on the occurrence of a handful of new cases among many thousands of persons at risk for developing the disorder over the one-year follow-up. The volatility is best demonstrated by the thin black bars, which represent age-specific rates at each site. The open rectangle is the age-specific rate for all four sites collapsed, and it shows more stability due to pooling of data. The curve itself involves the maximal smoothing of the data, using only two degrees of freedom. The cumulative form of presentation obscures this statistical volatility. The cumulative distributions presented for the five disorders below are weighted statistically to represent a population with age, gender, and race characteristics identical to those of the U.S. population (as in Robins and Regier, 1991).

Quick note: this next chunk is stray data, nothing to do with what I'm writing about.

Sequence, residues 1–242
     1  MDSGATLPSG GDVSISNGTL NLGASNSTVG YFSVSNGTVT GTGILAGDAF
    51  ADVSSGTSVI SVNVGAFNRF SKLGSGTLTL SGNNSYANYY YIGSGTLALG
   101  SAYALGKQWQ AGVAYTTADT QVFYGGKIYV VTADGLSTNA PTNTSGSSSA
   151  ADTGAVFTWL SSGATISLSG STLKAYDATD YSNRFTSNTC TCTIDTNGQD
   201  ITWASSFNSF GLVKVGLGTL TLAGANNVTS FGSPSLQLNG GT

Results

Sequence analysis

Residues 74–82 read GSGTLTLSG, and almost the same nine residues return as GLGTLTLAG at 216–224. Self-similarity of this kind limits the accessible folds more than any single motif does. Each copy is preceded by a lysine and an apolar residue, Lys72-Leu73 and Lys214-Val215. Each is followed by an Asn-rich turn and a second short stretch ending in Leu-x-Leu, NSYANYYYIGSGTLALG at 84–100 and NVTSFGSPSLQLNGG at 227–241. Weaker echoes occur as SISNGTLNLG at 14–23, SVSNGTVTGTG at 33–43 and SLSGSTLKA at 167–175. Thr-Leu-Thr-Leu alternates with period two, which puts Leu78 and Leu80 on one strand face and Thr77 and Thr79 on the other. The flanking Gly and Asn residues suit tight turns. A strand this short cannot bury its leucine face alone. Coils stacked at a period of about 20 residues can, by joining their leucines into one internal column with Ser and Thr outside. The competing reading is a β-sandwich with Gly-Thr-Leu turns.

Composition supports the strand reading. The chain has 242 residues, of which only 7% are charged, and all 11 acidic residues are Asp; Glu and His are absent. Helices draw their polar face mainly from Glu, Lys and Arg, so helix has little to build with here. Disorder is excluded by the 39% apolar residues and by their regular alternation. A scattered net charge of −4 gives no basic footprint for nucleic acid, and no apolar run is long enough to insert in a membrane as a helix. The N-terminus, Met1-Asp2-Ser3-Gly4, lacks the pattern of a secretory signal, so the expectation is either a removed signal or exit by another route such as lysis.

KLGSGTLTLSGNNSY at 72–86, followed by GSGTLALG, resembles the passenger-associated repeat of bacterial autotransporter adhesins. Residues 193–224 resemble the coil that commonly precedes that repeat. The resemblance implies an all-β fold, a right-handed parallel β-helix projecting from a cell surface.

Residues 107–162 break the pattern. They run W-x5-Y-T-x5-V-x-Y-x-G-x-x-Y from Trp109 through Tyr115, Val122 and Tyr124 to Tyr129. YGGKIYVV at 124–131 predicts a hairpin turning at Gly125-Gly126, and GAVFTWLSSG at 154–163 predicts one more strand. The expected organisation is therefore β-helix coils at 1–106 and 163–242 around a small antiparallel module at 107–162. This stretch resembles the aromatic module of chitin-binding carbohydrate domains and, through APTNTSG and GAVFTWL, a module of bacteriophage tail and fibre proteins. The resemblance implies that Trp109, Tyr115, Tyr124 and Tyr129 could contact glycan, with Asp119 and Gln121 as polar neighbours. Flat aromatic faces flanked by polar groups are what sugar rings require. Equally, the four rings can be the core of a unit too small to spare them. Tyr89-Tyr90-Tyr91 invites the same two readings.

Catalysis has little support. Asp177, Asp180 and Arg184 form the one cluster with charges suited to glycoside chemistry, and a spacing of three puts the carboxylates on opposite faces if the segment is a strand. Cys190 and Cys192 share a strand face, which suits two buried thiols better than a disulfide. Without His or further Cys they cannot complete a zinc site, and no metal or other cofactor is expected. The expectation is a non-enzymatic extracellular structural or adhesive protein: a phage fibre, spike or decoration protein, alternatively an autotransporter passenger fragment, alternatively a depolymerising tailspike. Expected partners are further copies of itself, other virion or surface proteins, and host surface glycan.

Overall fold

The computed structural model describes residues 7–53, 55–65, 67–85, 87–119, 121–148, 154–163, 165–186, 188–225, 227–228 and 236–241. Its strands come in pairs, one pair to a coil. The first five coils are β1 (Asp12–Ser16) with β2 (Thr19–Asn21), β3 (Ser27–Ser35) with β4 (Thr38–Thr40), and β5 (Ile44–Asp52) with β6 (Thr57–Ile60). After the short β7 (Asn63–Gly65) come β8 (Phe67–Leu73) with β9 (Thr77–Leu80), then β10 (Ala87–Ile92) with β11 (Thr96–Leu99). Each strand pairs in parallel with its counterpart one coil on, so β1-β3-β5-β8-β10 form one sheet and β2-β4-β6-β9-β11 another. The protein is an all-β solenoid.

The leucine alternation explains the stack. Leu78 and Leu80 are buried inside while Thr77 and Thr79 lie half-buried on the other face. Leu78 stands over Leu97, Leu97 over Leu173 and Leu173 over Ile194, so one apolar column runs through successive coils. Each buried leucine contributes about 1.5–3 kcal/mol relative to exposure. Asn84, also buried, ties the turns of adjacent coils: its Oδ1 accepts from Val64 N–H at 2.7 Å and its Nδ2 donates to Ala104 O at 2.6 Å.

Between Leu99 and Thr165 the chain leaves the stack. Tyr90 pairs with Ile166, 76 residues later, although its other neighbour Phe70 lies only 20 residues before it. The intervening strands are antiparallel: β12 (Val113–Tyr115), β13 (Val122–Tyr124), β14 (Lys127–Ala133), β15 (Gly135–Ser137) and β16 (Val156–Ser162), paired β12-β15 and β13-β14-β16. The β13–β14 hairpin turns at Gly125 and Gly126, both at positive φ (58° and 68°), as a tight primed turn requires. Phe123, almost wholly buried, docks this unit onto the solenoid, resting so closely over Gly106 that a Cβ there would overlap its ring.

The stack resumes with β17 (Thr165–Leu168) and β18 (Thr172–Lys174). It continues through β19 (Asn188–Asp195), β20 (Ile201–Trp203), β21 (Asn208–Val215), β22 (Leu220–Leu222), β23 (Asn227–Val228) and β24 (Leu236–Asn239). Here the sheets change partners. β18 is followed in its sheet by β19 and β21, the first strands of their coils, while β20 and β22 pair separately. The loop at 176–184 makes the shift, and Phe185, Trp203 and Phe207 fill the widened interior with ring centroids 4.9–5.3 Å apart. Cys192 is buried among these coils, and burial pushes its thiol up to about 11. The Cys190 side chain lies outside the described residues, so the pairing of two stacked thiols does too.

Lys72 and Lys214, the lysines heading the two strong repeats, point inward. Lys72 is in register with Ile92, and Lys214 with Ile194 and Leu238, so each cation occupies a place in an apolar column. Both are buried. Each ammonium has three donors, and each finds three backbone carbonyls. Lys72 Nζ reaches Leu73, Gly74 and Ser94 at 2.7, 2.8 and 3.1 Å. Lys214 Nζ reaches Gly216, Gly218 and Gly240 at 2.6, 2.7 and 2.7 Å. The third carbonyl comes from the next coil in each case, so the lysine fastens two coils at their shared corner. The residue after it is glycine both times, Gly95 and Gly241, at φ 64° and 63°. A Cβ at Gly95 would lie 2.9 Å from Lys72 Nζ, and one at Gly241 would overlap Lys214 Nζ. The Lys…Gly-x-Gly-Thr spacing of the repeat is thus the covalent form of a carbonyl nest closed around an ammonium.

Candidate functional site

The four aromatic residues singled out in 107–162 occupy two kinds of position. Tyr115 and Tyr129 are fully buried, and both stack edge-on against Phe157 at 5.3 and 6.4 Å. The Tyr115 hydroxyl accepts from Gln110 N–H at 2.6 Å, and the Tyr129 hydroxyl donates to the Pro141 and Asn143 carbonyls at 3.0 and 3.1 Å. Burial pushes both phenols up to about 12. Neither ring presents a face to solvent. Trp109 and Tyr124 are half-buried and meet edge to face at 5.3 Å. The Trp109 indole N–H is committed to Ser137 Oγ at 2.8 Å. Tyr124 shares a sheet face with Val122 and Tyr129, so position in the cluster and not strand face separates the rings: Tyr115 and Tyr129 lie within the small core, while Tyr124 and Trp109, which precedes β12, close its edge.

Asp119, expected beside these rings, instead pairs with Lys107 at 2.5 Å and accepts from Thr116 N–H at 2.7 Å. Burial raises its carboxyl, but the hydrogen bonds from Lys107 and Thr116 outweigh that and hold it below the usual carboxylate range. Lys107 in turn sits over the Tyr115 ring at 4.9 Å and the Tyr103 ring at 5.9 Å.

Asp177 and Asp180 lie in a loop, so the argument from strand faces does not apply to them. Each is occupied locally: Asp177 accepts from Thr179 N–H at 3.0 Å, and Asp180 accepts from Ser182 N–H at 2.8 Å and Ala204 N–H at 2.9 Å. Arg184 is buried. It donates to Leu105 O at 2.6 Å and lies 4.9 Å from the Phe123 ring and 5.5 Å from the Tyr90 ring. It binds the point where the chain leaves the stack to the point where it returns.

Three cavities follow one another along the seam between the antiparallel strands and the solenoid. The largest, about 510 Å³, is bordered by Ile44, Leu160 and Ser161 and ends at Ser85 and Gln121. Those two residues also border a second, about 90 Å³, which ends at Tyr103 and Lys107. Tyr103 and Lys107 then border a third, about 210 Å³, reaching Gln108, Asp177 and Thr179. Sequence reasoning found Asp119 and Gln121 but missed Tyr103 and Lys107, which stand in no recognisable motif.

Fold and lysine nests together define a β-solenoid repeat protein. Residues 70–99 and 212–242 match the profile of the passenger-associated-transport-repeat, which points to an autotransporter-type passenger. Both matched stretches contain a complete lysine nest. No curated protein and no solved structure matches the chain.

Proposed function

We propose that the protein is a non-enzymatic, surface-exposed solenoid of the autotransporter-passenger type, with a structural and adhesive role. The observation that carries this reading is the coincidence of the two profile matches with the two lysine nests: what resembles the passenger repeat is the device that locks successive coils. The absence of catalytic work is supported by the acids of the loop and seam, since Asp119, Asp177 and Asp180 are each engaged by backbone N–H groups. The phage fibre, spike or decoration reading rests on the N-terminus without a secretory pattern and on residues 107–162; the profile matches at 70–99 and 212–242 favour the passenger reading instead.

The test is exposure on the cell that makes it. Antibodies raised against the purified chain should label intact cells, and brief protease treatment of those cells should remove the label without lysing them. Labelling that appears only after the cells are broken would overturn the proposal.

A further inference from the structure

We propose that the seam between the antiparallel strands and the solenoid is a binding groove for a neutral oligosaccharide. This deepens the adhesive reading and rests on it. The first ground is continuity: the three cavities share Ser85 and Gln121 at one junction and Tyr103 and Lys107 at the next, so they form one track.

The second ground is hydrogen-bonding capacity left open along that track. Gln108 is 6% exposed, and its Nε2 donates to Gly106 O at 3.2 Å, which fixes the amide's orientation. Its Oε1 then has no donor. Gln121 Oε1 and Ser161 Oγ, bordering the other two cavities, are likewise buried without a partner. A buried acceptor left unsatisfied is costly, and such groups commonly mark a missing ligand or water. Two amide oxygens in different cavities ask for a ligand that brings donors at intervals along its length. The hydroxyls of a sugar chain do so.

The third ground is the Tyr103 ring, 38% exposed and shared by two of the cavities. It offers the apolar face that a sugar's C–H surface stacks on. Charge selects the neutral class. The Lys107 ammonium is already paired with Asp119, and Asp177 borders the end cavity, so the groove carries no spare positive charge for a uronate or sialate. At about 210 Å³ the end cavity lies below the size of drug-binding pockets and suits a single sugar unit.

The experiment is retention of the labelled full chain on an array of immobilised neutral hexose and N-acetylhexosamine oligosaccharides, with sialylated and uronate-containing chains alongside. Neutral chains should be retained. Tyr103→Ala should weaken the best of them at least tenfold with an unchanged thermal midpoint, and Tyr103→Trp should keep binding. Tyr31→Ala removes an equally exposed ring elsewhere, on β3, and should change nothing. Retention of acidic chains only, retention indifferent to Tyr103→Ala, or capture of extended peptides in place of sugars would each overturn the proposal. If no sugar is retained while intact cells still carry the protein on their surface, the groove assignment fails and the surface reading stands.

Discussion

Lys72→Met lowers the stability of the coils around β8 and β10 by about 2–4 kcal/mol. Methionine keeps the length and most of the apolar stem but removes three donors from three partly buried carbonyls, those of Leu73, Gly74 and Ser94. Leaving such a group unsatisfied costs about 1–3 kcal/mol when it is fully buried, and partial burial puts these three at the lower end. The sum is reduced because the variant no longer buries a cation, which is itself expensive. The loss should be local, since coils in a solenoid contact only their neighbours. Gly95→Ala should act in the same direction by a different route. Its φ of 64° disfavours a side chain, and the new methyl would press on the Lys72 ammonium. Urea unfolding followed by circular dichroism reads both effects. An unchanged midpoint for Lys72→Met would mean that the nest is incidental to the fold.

The cumulative form of presentation, along with the statistical weighting, links the data to the concept of attributable risk. The cumulative form allows one to estimate the proportion of cases in the United States that would be prevented if a 100 percent effective preventive intervention were applied at or before a given age. The attributable risk proportion, which is the percentage effectiveness of the intervention in eliminating the risk factor, and the cumulative percentage drawn from the figures below, can be chain multiplied to estimate the effectiveness of a given intervention program and to compare various intervention strategies. Data on the cost of modifying risk factors could also be incorporated in such calculations in designing a preventive intervention research program.